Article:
Social Media Marketing basics
Social media marketing is still marketing and the basic tenets of “traditional” marketing hold true online:
- Know your current and target audience(s)
- Track your outcomes (and tailor/adapt your approach accordingly)
- Maintain a consistent brand across your social, digital and physical channels (including product) but allow for channel-specific variance.*
*Channel specific variance refers to the idea that your brand might be more formal on LinkedIn, or on your website, while it can flex into a more casual content and tone on channels like Instagram and Snapchat.
New social platforms
New platforms are emerging constantly and you undoubtedly feel as though you should be scrambling to master them. First, evaluate whether it will be worth the time and money to learn to implement the new platform. Is your demographic using it? Are your competitors using the new platform and to what effect?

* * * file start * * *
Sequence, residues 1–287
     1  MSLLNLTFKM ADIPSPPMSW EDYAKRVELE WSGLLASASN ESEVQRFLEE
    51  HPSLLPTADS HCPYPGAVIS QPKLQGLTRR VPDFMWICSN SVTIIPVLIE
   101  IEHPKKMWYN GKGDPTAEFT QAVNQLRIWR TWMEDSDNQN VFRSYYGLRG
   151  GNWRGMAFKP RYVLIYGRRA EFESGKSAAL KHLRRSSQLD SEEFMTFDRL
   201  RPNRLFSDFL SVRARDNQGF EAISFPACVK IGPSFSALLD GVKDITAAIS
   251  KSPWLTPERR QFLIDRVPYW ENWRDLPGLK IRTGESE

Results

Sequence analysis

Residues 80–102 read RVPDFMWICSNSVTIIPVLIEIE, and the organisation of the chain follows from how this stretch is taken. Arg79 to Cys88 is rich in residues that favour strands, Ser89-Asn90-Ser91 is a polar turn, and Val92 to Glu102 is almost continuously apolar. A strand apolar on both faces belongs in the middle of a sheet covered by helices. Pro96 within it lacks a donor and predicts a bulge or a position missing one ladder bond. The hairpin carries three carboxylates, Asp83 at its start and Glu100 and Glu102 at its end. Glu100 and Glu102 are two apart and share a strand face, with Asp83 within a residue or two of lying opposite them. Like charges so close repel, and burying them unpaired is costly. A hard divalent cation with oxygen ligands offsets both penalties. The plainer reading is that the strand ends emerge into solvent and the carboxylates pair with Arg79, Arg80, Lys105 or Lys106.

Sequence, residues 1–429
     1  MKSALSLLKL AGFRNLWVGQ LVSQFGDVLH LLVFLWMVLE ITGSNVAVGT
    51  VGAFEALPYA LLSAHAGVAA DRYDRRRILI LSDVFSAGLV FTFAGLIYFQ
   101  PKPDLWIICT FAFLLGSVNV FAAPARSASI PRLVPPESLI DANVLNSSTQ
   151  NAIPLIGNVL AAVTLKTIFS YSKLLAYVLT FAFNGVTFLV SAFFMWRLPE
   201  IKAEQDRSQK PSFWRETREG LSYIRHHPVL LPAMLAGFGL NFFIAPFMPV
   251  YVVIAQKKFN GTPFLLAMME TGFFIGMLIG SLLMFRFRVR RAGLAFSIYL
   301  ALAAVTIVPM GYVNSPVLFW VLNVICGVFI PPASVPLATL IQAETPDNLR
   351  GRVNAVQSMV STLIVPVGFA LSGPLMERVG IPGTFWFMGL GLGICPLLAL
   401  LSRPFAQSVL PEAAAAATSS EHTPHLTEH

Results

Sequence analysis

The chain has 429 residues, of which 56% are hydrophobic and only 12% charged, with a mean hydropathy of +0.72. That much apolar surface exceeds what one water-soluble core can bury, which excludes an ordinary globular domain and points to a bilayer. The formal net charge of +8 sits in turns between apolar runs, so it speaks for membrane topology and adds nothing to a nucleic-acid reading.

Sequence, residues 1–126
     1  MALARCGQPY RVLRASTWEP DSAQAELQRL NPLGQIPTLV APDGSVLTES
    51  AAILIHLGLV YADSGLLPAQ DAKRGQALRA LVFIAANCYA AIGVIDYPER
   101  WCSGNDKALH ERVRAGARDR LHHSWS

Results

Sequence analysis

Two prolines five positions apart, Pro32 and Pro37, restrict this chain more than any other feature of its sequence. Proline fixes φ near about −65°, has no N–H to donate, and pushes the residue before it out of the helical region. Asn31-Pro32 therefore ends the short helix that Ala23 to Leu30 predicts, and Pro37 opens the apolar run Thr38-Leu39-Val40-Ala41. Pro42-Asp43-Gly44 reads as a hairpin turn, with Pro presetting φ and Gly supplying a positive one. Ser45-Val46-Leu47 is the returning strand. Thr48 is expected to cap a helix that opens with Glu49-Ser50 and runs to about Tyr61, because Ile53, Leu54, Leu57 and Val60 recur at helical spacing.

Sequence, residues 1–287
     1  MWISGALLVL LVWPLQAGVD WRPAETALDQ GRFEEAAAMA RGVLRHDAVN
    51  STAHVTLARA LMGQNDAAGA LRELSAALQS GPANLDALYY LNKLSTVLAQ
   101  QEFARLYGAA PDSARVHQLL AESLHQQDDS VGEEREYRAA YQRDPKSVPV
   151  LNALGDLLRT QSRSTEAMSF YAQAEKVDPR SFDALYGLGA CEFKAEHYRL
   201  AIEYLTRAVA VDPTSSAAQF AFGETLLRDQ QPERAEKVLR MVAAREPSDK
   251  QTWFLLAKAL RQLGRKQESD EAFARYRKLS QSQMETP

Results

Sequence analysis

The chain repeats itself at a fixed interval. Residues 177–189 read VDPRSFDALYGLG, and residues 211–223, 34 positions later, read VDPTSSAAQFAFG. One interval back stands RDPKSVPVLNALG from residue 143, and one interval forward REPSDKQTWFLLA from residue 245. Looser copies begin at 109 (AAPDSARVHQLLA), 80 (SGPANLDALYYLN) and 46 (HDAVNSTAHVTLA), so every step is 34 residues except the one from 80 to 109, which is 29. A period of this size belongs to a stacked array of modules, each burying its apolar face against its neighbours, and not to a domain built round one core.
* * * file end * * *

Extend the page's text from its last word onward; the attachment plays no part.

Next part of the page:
When using any platform, keep these two things in mind:
1) Our customers and clients expect quick responses; only take on as much as you can maintain and build a plan that enables you to respond to conversation and feedback (“likes”, “retweets”, etc) quickly.
2) Do your best to match the form and function of the platform you are using, i.e.: avoid auto-posting from one format to another. Twitter is about short content and images and a timely, sometimes location-based conversation; Facebook can stomach longer posts; Instagram is all about hashtags and images. Matching your content and channel will result in higher engagement rates.
Saying “Yes and” & Taking Risks
My “yes and” philosophy emerges from years of improvisational acting. It sums up the best way to generate new and innovative ideas for campaigns and general engagement. “Yes and” thinking travels to unexplored corners, works the old stuck ideas out, and generates amazing new ones in their place. Hand in hand with “yes and” comes the need to follow through on those good ideas which sometimes involves taking risks. Being agile and being willing to test various approaches doesn’t necessarily require spending a lot of money. Risk-taking can pay off when it is strongly aligned with brand and mission.